Homelessness is one of the major problems affecting people around the world. Three things are very essential for survival and success. These are food, clothing and shelter. However, some people around the world find shelter a luxury since they cannot afford a decent place to lay their heads at night. It is important to note that the definition of homelessness differs from one society to the other and this definition affects their goals about the issue. Generally, homeless people are roofless as well. However, it is necessary to make a distinction between the two terms for a better understanding of what it means to have a home. Notably, a house does not always mean a home because there are other components that should be incorporated to bring the real meaning of a home.
Therefore, a home is more than the physical structure and includes the feelings that people express in wherever place they live. Generally, the contentment of oneself and the sense of safety and freedom as well as the social connections of people to the environment, regardless of whether they have relations by blood, can form part of the definition of a home (Philipps, 2012). Consequently, a place where one lives without feeling any social connections to that environment is simply a shelter. In that regard, it is possible for people to feel socially connected while in the streets and, therefore, refer to this as a home even when no physical structure exists.
Additionally, homelessness falls into two categories, which are roofless and houseless (Philipps, 2012). Roofless refers to a situation where one has no roof over his or her head. Generally, this category comprises of the people who live in the streets, under trees and at the park benches. On the other hand, houseless refers to the situations where people live under roofs such as in the cars and tents but not a house. It is also necessary to mention about the precarious housing, which includes the people who stay in places like hotels and hostels.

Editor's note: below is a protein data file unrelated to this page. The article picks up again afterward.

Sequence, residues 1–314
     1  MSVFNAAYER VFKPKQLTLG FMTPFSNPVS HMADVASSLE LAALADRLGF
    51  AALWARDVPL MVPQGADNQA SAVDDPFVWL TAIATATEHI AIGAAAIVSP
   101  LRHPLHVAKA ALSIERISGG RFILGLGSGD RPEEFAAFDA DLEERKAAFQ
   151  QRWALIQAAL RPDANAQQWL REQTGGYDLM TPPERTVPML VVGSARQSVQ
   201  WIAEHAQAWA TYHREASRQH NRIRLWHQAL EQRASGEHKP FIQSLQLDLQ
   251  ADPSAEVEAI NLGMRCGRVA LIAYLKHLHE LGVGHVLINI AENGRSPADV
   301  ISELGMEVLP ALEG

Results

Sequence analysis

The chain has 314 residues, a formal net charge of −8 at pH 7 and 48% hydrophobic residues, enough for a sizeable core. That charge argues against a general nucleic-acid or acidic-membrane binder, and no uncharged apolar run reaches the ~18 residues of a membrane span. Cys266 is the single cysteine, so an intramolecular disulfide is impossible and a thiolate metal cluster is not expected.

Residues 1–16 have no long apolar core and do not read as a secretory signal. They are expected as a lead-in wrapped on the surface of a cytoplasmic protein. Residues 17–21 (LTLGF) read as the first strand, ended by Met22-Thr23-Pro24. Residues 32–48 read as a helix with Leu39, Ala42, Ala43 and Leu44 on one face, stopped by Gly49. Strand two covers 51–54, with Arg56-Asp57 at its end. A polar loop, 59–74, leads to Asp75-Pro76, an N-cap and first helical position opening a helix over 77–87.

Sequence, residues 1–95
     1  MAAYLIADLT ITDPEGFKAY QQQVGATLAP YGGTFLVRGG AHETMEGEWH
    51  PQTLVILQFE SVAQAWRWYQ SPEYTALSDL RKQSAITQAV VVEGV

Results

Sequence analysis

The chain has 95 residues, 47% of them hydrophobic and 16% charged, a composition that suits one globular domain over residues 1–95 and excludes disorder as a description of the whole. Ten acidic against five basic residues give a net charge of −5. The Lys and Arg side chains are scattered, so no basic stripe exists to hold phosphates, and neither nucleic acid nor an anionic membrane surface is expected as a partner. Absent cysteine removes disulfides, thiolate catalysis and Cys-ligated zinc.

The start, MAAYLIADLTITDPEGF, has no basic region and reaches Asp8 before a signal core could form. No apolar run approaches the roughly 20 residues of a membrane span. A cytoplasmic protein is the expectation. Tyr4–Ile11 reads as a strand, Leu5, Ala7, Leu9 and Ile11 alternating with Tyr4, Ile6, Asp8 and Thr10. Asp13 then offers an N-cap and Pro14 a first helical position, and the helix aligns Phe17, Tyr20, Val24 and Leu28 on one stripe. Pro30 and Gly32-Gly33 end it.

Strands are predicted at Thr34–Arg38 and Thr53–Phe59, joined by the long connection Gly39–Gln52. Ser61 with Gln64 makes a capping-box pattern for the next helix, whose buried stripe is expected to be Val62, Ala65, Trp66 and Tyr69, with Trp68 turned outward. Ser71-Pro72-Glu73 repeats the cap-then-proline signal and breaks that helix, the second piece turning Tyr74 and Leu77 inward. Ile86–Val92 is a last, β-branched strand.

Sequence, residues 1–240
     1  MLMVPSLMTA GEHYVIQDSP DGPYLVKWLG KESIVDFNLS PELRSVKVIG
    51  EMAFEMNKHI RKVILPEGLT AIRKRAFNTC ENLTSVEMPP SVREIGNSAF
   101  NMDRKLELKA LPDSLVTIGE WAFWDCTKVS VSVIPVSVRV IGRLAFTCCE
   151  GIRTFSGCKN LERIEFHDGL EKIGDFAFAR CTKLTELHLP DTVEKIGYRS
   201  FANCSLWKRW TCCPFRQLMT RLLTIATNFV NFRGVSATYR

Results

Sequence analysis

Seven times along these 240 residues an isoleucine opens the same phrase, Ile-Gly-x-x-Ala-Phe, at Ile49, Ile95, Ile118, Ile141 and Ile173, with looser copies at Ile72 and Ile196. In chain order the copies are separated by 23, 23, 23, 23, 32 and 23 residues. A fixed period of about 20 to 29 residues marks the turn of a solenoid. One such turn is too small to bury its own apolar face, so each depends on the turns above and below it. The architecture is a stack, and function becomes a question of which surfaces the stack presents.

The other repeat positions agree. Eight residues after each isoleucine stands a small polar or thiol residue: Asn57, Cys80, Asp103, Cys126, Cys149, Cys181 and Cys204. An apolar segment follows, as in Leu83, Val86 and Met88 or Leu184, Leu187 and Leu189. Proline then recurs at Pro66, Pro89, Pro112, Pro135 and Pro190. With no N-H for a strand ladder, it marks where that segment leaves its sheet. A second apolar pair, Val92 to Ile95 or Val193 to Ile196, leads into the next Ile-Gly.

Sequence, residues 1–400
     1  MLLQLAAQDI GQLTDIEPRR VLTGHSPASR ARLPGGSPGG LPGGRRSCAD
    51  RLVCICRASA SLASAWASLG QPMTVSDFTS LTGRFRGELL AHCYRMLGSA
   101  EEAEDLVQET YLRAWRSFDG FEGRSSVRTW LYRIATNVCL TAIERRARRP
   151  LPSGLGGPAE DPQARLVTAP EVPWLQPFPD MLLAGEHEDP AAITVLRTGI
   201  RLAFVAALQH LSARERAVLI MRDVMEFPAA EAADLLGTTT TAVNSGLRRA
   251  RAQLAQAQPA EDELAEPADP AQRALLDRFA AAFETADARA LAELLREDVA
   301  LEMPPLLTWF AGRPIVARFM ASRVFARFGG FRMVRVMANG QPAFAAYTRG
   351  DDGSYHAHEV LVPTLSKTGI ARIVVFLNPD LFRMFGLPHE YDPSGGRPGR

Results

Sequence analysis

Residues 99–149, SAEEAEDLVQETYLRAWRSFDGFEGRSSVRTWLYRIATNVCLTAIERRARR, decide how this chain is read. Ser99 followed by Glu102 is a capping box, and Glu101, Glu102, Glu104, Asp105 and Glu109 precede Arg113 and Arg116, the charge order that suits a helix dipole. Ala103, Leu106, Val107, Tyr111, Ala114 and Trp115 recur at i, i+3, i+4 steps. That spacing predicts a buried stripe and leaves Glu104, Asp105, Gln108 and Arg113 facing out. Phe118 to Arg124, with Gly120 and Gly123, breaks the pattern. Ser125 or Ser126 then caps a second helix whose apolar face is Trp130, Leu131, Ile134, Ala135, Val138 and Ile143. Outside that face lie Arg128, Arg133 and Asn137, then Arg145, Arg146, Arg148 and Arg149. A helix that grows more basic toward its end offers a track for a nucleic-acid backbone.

According to Shumsky (2012), an estimate of 1.6 million people in the United States live in emergency shelters or transitional housing and further shows that 3.5 million people, which refers to one percent of the US population, fall likely of getting homeless every year. Additionally, statistics in 2011 showed that 636,017 people slept on the streets with 107,148 of them appearing to be chronically homeless in the year 2011 (Shumsky, 2012).
Contributing factors to homelessness
Many factors contribute to the rate of homelessness today. One of these aspects is gender, with men being more likely to end up homeless than women. However, it is important to consider elements of the male gender role that contribute to this notion. For example, men have a greater likelihood to be veterans because they have a tendency not to seek help for their problems such as alcoholism, mental illness, and drug abuse. In fact, estimates show that 38% of the homeless persons suffer from alcoholism while 26% of them engage in drug abuse while for the general population, only about 15% engage in alcoholism and 85 in drug abuse (Philipps, 2012). Additionally, the primary causes of homelessness may affect both genders equally. However, women are more likely to engage in diverse activities such as survival sex, in exchange for housing. Consequently, the number of homeless men rises over the women and children.
Philipps, K. (2012). "Homelessness: Causes, Culture and Community Development as a Solution". Pell Scholars and Senior Theses.Shumsky, N. L. (2012). Homelessness: A documentary and reference guide. Santa Barbara, Calif: Greenwood.
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